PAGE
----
The Street Art Gallery in an Abandoned Soviet Fortress - OZY | A Modern Media Company

The Street Art Gallery in an Abandoned Soviet Fortress

The Street Art Gallery in an Abandoned Soviet Fortress

By Kathryn Schroeder


Because this filthy street-art utopia is Warsaw’s must-see gallery stop.

By Kathryn Schroeder

What do you do with a 100-plus-year-old fortress formerly under Soviet occupation that isn’t serving a purpose other than to remind everyone of a bloody past? Obviously, you turn the area into a massive, beautiful park and convert the barracks into a completely legal, unsupervised street-art gallery, open 24/7. You also make sure it’s difficult to find and far off the tourist trail, creating an adventure for alternative-art seekers.

This open-to-the-public graffiti-filled space, known as Galeria Forty/Forty, is at Fort Bema in Warsaw, Poland. It’s a filthy street-art utopia with impressive work from professional and amateur artists alike.

It’s unkempt, unconventional state actually makes it more appealing.

The Galeria Forty/Forty project began in 2011, with artists from Poland and beyond invited to cover the barracks’ walls. But after five years, funding ran out and the project ended. Co-curator and artist NeSpoon says she would gladly start the project up again, but that “it’s a big challenge to organize, especially to secure financing.” The art remains, though, and the space became a go-to for graffiti-makers and appreciators. Pantonio’s charmed snakes, painted in 2015, meld with an unknown artist’s “lit match.” Surprisingly, Monstfur’s Skryl has gone largely untouched, though the elements have contributed signs of decay. 


Each hall is full of art ready to be explored — with closed-toe shoes and a flashlight. Referring to the space as dirty is a compliment. Glass breaks underfoot, there’s garbage everywhere, the walls and floor are cracked and crumbling, curious smells emanate from the corners and, in some of the darker spaces, unmentionables exist.

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Skryl by the artist collective Monstfur has decayed a little over the years, but is still magnificent.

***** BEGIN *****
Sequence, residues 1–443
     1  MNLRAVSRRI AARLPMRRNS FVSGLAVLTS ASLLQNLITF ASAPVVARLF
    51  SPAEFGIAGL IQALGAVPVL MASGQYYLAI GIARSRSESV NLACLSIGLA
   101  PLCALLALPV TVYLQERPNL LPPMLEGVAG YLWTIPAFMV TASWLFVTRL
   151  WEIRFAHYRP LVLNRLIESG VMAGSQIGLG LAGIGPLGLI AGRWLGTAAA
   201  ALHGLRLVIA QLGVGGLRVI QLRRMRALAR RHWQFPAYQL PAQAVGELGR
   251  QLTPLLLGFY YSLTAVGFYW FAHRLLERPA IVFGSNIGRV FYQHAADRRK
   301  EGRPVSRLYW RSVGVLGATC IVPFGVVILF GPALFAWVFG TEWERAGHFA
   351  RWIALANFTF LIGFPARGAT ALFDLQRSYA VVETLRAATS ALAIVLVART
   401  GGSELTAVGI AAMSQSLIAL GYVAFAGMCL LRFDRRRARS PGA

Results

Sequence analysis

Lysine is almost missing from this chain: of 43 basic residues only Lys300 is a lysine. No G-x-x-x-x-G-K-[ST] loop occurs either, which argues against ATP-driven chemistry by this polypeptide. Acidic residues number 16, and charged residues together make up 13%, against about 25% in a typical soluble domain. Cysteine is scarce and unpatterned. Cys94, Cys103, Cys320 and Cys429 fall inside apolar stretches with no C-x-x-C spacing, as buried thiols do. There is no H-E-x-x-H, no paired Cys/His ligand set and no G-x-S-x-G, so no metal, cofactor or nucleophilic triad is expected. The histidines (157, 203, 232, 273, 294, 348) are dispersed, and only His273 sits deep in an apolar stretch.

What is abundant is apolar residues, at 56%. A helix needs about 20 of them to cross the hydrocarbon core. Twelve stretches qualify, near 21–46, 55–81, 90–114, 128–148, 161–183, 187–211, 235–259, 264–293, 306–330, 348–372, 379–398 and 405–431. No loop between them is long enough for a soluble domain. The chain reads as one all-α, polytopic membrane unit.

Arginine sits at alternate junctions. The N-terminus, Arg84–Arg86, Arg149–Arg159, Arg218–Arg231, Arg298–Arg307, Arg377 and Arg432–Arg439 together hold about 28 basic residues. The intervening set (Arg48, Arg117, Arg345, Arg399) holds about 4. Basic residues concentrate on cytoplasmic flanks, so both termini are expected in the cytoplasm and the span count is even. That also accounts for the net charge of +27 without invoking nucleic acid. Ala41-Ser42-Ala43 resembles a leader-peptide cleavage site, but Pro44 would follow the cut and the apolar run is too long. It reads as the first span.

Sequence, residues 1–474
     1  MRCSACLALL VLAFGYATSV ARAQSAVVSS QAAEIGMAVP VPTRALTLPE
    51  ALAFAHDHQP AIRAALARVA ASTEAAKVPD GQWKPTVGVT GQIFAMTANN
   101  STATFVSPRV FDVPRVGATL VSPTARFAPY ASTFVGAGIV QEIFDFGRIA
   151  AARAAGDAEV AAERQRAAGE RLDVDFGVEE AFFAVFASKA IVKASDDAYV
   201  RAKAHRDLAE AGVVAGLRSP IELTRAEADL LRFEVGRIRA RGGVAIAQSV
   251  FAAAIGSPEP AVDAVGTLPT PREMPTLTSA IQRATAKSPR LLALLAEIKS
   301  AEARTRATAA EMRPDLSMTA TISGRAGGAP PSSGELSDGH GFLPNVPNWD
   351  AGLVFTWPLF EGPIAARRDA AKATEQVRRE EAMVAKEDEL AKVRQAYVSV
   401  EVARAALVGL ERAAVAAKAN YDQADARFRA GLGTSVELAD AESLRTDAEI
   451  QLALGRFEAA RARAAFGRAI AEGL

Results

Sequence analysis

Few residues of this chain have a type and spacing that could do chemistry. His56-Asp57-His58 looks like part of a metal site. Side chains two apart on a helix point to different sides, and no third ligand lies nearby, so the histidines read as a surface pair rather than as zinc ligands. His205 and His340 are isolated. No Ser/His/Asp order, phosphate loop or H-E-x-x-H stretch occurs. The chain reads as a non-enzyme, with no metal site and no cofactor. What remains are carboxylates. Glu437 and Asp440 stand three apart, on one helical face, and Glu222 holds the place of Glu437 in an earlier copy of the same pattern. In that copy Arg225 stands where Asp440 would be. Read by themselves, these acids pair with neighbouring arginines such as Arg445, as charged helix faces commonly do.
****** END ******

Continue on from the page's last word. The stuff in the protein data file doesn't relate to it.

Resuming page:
Source Courtesy of Kathryn Shroeder

But the grunginess doesn’t detract from the gallery’s greatness; its unkempt, unconventional state actually makes it more appealing. You aren’t going to be served wine and cheese or have a curator offering insights into why Nirvana lyrics are plastered on a wall or how the use of a skeletal Pac-Man at the entrance speaks to pop culture’s influence on society. Galeria Forty/Forty is open to interpretation, a free space without judgment. And if you’re lucky, a guitar-playing musician may serenade you during your (rough) journey through its chambers.

Franciszek Płóciennik, who runs Warsaw Secrets, a tour group that takes visitors to the gallery, admits that it’s “down as hell.” That may change, though: He is planning to invite convicts from Warszawa-Białołęka prison to help clean the space in exchange for street art workshops and area sightseeing. Płóciennik is also working to persuade area residents, nongovernmental organizations, and local politicians to organize an environmental education project to preserve Fort Bema and its gallery from “further devastation.” But whether or not any of this happens doesn’t really matter — the space will live on.

And maybe, one day, a sculptor will put to use all the broken glass and make something magical. Or maybe the city will install a bin. Either would be great. 

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